Pedro will organize a forum with Venezuelan opposition to block talks with Maduro

These days after meeting with Nicolás Maduro in Caracas, Gustavo Pedro likes to wink at the Venezuelan opposition. The president will organize a forum in Bogotá where he will bring together opponents of the Chavista government, according to government sources. In the Venezuelan political crisis, the president has assumed the role of mediator, playing on three sides with Maduro, the anti-Chavista and Washington. The international community has been pressing for free and fair presidential elections next year as a result of a deal on the table in Mexico, but negotiations have now stalled.

The Venezuelan opposition has not had its best moments. Aimless, confronting, she has seen how Maduro returned to the international scene after two years of isolation. Most opposition parties agreed to remove Juan Guaido’s interim presidency, undermining a strategy backed by the United States and numerous Latin American and European countries to force Maduro’s fall. It never happened, reality: Chavez’s successor is president of Venezuela.

Faced with this bleak panorama, opponents have called for primaries in October to choose a separate candidate to face Maduro in the 2024 election. Joe Biden’s administration moved closer to Chavismo after the Russian invasion of Ukraine began in search of energy alternatives. To Moscow Gas. Out of that surprising and unexpected reconciliation came an agreement that would allow oil giant Chevron to bypass international sanctions and operate in Venezuela. In response, Washington asked Maduro to return to the table in Mexico for talks with the opposition and to give clear signs that he wants to normalize Venezuelan political life.

See also  Ukraine is launching a counteroffensive in the south
Meeting between Presidents Gustavo Pedro and Nicolás Maduro in Caracas on March 23, 2023.President of the Republic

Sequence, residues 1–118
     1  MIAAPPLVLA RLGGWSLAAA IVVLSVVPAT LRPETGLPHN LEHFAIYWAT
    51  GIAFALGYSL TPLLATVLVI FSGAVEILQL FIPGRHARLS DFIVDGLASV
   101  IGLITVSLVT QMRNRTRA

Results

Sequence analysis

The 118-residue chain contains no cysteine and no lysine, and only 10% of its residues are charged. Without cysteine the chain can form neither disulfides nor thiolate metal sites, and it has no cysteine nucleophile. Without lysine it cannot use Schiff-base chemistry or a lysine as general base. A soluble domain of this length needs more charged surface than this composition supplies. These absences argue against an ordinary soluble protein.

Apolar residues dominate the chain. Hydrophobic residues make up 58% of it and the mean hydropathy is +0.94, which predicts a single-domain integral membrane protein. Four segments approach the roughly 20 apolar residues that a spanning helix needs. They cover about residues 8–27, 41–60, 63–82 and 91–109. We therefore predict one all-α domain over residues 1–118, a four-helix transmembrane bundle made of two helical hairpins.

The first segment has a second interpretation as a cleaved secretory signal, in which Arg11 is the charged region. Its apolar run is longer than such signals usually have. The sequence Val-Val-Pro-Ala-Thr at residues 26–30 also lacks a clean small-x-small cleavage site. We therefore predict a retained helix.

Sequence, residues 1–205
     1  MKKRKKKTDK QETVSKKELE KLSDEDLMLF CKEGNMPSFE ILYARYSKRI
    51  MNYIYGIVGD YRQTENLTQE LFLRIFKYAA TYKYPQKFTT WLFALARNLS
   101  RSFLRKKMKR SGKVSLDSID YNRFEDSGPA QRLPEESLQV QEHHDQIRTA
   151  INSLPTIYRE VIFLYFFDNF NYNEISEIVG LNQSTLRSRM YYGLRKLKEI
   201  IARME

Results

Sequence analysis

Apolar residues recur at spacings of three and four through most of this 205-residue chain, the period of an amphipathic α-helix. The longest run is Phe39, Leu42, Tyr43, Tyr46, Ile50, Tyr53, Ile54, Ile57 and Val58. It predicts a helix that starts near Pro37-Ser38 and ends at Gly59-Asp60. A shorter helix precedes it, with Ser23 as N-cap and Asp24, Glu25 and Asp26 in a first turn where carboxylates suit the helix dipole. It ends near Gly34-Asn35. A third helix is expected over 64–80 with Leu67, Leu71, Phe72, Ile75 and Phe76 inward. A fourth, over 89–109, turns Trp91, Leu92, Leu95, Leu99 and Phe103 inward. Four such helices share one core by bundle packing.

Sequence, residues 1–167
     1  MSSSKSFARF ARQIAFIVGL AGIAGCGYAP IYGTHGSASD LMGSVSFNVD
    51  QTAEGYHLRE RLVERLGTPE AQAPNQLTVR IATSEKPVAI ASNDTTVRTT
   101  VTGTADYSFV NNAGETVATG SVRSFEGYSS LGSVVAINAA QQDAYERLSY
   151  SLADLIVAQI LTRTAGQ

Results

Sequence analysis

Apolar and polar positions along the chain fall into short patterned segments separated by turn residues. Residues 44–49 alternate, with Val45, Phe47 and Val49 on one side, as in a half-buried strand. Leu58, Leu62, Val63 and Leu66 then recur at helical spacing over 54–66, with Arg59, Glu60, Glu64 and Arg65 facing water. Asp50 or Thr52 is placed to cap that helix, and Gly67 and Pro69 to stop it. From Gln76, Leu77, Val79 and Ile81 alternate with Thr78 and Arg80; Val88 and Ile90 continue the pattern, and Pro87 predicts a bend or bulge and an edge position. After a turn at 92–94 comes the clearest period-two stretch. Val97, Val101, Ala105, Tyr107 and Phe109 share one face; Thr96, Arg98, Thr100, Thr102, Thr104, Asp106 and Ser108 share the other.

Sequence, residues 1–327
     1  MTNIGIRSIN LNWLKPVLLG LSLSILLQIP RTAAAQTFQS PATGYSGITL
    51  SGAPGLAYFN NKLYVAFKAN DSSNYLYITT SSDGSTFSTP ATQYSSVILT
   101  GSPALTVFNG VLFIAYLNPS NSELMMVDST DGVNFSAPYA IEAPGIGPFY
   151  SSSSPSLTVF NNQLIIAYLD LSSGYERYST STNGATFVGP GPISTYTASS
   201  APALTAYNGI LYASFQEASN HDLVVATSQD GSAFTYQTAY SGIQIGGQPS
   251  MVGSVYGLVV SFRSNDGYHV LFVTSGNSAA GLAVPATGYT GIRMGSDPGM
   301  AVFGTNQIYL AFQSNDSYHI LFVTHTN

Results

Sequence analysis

It was like it all started in November last year. The head of Venezuela’s legislature, Maduro’s right-hand man, Jorge Rodriguez, has agreed with the opposition to unlock Venezuelan assets abroad, worth billions of dollars. That money was an important injection for Chavismo. The parties shook hands and promised to meet soon. A humanitarian agreement to help the millions of Venezuelans who have fled the country is being developed in parallel. Chavismo, however, is not sitting down to talk again, as the White House promises not to keep its word and not release the money languishing in institutions such as accounts at the Bank of England and the Bank of Venezuela in New York. .

It was as if the rope would be cut. Rodriguez hardened his tone two weeks ago by denouncing talk of lifting U.S. sanctions — more than 700 sanctions weighing on the Caracas country that it blames for its economic woes. Washington is not going to do that under any circumstances because it thinks that Chavismo is stagnant and has no intention of opening its hand. “The chauvinists always give some excuse for non-compliance, it’s the same old story,” says a US government source.


Analysis of current events and Colombia’s best stories in your mailbox every week


With these strong positions, the biggest loser is the opposition. That’s where Pedro comes in. Although Norway is the mediating country, the initiative has been taken by Mexico’s president in recent months. Pedro’s idea was to open a space for dialogue with the opposition in Bogotá. Guaidó and other opposition leaders have sharply criticized the Colombian president for restoring ties with Maduro, who they see as an authoritarian president. This would be an opportunity to agree on a common message to overcome these conflicts and return Chavismo to Mexico. Pedro is convinced that his success in foreign policy rests on the establishment of liberal democracy in Venezuela, as in other countries.

Subscribe here Subscribe to EL PAÍS newsletter in Colombia and get all the important information about the country’s current affairs.

Esmond Harmon

"Entrepreneur. Social media advocate. Amateur travel guru. Freelance introvert. Thinker."

Leave a Reply

Your email address will not be published. Required fields are marked *

Back to top